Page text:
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Archaeological and Anthropological Sciences

, Volume 9, Issue 6, pp 1153–1168 | Cite as

New evidence of bones used as fuel in the Gravettian level at Coímbre cave, northern Iberian Peninsula

  • José Yravedra
  • David Álvarez-Alonso
  • Verónica Estaca-Gómez
  • Pablo López-Cisneros
  • Álvaro Arrizabalaga
  • Mikelo Elorza
  • Ma. José Iriarte
  • Jesús F. Jordá Pardo
  • Carmen Sesé
  • Paloma Uzquiano
Original Paper

Abstract

The use of bone as fuel has been already documented in some sites dated to the Middle and Upper Palaeolithic. They contribute to a longer combustion time due to their durability; consequently, they are useful to reduce the need for firewood, a good advantage in open palaeoenvironmental contexts with limited arboreal vegetation. The use of bones as fuel can be identified by several lines of evidence. The main one is a large number of burned bones, with an intense cremation–charring or calcination, together with high fragmentation resulting from the long contact with the fire. Other features may be present, although they can also result from individual circumstances. They include either the presence of complete skeletal profiles–which implies using all the bones of the animal–or a selection of the anatomical parts which contribute better to combustion, i.e. epiphyses and axial elements. In this article, we argue that the faunal assemblage of level Co.B.6 of Coímbre cave fully corresponds to this model. Moreover, this level coincides with a cold palaeoclimatic event, which was correlative to the climatic deterioration that occurred at the end of MIS 3, and an open environment. Thus, we propose that this level contains the first known use of bones as fuel in the Cantabrian Gravettian.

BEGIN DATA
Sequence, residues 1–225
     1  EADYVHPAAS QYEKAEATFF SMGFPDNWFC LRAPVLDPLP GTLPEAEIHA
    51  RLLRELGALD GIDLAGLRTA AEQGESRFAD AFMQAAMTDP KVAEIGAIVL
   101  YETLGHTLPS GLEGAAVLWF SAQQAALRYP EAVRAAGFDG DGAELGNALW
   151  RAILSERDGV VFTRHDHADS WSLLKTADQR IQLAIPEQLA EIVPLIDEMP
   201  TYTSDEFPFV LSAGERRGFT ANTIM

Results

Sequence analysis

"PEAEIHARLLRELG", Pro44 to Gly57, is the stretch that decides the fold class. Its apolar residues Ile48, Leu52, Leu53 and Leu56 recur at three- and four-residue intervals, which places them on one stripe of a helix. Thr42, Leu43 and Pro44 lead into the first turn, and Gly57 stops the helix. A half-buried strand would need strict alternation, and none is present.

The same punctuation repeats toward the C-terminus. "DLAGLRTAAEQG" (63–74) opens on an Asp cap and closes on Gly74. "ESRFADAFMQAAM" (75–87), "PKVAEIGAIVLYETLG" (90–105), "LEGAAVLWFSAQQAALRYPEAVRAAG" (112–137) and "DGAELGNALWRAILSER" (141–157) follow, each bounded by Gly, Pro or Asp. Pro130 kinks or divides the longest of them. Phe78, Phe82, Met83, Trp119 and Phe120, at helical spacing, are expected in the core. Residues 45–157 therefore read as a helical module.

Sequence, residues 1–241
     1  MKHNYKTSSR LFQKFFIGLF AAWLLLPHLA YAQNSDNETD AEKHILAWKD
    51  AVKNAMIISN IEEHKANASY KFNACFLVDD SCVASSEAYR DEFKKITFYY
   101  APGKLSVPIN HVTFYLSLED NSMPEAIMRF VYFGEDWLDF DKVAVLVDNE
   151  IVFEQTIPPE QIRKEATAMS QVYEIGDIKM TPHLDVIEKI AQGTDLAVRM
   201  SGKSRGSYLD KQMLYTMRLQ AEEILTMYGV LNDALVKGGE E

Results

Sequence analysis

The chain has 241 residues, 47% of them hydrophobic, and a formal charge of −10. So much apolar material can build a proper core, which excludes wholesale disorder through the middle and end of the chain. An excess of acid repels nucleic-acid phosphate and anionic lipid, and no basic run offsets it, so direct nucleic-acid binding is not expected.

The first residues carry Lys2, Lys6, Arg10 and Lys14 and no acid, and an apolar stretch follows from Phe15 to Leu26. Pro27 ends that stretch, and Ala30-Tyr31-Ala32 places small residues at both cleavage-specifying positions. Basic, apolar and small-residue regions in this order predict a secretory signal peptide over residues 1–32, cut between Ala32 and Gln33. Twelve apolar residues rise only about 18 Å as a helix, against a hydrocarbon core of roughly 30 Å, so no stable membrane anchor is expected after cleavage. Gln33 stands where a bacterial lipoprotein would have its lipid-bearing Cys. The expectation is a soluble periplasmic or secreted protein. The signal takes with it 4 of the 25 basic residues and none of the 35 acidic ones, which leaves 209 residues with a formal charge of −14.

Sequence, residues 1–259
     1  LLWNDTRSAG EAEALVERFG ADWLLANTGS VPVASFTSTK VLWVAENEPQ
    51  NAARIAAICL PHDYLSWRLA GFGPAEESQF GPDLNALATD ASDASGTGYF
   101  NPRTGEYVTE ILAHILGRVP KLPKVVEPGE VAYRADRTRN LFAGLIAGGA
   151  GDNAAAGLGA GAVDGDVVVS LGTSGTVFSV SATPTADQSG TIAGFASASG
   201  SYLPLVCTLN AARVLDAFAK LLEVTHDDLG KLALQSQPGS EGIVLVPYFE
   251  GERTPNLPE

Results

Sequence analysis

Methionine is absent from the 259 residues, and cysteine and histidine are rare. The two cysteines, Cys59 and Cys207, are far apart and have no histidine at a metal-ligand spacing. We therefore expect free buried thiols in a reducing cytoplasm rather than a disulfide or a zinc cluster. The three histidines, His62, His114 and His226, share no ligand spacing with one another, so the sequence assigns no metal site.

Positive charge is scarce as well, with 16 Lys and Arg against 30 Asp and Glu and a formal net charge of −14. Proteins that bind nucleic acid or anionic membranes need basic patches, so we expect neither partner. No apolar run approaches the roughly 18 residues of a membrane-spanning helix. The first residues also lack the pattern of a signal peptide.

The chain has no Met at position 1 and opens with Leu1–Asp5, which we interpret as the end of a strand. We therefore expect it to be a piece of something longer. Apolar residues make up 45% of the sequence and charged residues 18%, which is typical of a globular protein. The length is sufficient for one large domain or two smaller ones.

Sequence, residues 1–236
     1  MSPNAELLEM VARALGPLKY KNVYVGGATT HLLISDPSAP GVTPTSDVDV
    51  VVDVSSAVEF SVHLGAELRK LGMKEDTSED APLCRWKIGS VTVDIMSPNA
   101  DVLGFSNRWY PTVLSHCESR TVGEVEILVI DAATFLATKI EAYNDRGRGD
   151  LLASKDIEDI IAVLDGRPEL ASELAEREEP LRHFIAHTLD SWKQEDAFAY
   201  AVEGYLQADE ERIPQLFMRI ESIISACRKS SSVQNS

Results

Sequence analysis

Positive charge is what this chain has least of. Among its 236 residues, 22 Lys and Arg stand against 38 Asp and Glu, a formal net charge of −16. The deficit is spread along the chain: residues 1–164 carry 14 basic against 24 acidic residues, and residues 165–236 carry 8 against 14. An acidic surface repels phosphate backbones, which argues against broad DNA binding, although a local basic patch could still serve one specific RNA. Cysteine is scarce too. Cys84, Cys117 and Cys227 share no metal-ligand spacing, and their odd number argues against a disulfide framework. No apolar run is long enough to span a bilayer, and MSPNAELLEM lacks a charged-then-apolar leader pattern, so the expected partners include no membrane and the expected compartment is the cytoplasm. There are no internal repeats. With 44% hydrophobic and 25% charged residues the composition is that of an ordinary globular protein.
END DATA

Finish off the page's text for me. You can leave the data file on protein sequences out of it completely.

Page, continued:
Keywords

Cantabrian region MIS 3 Firewood availability Bone as fuel Coímbre cave Gravettian 

Notes

Acknowledgments

This research was part of Project “Paleoecología y Poblamiento en la Cuenca Media del Río Cares durante el Pleistoceno Superior: La Cueva de Coímbre (Alles, Peñamellera Alta)”, regulated by the Dirección de Patrimonio Cultural de la Consejería de Cultura of the Principado de Asturias and founded by the Research Group “Investigación de Alto Rendimiento de Prehistoria de la Universidad del País Vasco (IT-288-07)” and the project HAR2008-3976/HIST of the Ministerio de Educación for the 2008 season, “the Sociedad de Ciencias de Aranzadi” in 2009 and the M. Cristina Masaveu Peterson Foundation in the 2010–2012 fieldworks. We would like to thank the Ayuntamiento of Peñamellera Alta for their help in the archaeological works and also to the Speleological Group “l’Espertuyu Cavernícola” for their help in the different works and logistic organization. We appreciate the collaboration of M. de Andrés-Herrero, A. Calvo, J. Rojo, O. Fuente, M. A. Valles, N. García, R. Obeso, P. Obeso, D. Rueda and J. Santa Eugenia as well as, and the different students at the laboratory of the UNED and Universidad Complutense. We want to thank Aixa Vidal for the translation of the manuscript and Lucía Cobo for the end revision. This article was written in memory of our good friend Alberto Gómez Castanedo.

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Copyright information

© Springer-Verlag Berlin Heidelberg 2016

Authors and Affiliations

  • José Yravedra
    • 1
  • David Álvarez-Alonso
    • 2
  • Verónica Estaca-Gómez
    • 1
  • Pablo López-Cisneros
    • 1
  • Álvaro Arrizabalaga
    • 3
  • Mikelo Elorza
    • 5
  • Ma. José Iriarte
    • 3
  • Jesús F. Jordá Pardo
    • 2
  • Carmen Sesé
    • 4
  • Paloma Uzquiano
    • 2
  1. 1.Department of PrehistoryComplutense UniversityMadridSpain
  2. 2.Department of PrehistoryUNED UniversityMadridSpain
  3. 3.Department of Geography Prehistory and ArchaeologyPais Vasco University UPV, EHULeioa, BizkaiaSpain
  4. 4.Departamento de PaleobiologíaMuseo Nacional de Ciencias Naturales, CSICMadridSpain
  5. 5.Sociedad de Ciencias Aranzadi, Alto de Zorroaga San SebastíanPaís VascoSpain

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